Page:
Code by Kevin, Programming, code, business, and other pursuits
Kevin Walzer, software developer.
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It appears that Jason Slack's project to port the core Tk libraries to Cocoa isn't vaporware. While he has not posted anything public about it, I've had a bit of private correspondence with him, and it seems that he has gotten under way. I've offered him assistance with testing and other feedback, so we'll see what comes of that. The long-term goal is to simply replace Tk's current Carbon implementation with a Cocoa-based implementation in my programs. In the meantime, I am working on removing my own applications' dependencies on Carbon, at least the dependencies I myself have added.
As one example, my programs make some use of Daniel Steffen's Carbon extensions, and I'm working on achieving that functionality by other means. So far I've been able to find what I need. For instance, one function in the Carbon library involves determining which program is frontmost on the user's screen, and bouncing the icon on the dock if my program is in the background; I've found I can get the same data by using AppleScript to call the Mac's System Events application.
Another example involves the user documentation of my programs. Currently I use Apple's Help Viewer application for my user help. I format my documentation according to Apple's guidelines, and use a Tcl extension I wrote myself, tclAppleHelp, to load and display the help. Eventually, I will be moving my user documentation online, to a special section of my main website, which I will load with a call to Apple's command-line "open" tool (which opens a document in its default application). This will remove another dependency on Carbon, and also work around the annoying behavior of Apple's Help Viewer in Leopard (the help window floats on top of all other applications). It may also help the visibility of my programs on Google, as there will be more material (user help) about them posted on the Internet.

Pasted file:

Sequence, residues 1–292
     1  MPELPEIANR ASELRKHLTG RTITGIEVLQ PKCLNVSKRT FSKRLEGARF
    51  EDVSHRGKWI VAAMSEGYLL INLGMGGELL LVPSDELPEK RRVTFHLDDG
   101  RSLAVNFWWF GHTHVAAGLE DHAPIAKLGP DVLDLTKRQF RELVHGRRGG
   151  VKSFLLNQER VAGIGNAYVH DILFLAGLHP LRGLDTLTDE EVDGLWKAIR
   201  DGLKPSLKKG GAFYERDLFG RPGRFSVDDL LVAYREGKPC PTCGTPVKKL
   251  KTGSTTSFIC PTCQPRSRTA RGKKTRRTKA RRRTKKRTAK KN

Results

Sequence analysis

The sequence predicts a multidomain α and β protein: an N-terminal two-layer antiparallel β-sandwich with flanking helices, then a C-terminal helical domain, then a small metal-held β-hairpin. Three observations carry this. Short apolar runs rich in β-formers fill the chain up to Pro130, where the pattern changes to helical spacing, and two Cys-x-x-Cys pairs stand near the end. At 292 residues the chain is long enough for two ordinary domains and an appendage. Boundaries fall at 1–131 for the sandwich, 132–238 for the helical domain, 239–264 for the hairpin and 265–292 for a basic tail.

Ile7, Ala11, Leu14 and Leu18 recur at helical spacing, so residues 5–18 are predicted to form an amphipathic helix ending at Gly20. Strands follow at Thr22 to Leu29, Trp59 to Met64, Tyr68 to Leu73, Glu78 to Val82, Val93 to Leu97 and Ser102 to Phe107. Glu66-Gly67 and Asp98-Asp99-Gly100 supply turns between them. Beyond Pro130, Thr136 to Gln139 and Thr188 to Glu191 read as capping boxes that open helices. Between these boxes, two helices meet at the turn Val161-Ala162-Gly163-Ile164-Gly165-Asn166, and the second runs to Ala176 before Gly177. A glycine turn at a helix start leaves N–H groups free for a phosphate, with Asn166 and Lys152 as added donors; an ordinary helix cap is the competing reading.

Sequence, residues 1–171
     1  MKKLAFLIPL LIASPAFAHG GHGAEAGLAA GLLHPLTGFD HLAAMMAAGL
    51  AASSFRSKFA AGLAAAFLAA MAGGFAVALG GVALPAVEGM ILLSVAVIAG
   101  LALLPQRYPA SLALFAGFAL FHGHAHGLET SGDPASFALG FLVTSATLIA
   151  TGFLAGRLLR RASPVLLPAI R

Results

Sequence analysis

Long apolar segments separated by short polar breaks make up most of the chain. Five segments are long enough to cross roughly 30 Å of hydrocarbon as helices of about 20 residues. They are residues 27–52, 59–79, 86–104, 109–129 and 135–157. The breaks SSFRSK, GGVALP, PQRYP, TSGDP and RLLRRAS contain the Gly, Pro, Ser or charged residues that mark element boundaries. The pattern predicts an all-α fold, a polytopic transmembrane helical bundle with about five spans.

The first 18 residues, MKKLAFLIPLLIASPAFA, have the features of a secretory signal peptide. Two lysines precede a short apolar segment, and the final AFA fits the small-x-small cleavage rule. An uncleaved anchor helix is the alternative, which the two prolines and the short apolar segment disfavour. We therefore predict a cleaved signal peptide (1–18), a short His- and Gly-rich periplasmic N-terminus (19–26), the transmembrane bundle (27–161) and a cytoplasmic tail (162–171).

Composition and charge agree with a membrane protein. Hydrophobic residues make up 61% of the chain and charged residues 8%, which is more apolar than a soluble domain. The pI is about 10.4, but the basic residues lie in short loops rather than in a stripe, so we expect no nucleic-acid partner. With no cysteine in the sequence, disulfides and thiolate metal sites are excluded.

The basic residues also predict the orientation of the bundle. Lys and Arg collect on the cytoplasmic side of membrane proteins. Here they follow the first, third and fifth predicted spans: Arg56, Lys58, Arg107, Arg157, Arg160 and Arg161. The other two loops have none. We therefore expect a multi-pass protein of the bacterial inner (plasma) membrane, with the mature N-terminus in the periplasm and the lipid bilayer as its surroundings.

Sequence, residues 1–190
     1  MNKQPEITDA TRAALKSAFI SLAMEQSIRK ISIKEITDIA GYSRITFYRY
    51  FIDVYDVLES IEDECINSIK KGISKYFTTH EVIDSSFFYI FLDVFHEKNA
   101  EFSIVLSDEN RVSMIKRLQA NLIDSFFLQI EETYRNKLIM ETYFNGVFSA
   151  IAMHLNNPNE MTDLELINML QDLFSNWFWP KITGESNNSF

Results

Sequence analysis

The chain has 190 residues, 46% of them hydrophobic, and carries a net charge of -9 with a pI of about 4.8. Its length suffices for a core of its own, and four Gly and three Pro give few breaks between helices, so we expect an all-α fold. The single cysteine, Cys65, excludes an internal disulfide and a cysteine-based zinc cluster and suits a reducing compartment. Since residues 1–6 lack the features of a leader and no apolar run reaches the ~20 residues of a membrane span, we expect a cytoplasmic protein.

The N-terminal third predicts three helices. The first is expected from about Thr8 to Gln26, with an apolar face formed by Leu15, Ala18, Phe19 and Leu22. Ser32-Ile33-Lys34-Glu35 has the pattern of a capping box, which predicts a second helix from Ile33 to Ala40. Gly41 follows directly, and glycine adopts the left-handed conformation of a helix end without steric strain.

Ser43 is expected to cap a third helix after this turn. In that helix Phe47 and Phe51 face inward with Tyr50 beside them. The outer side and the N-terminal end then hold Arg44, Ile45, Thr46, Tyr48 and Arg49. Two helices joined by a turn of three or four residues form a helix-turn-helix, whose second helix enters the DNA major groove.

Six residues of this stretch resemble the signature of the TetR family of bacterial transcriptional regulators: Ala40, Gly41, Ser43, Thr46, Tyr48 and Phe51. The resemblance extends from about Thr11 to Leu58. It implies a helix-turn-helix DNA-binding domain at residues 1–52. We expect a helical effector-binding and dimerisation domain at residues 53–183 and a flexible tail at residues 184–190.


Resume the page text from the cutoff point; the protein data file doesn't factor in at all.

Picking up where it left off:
In the coming months I'll be making these changes, and others, to my existing programs, as well as including them in new products under development. Now that the Cocoa port of Tk itself is under way--a task that I can contribute to, but which is too large for me to undertake myself--I feel energized to resume development of my own programs, and I'm bursting with ideas. What a wonderful thing to be able to concentrate on improving my applications for my customers, rather than rewriting them in an entirely different framework.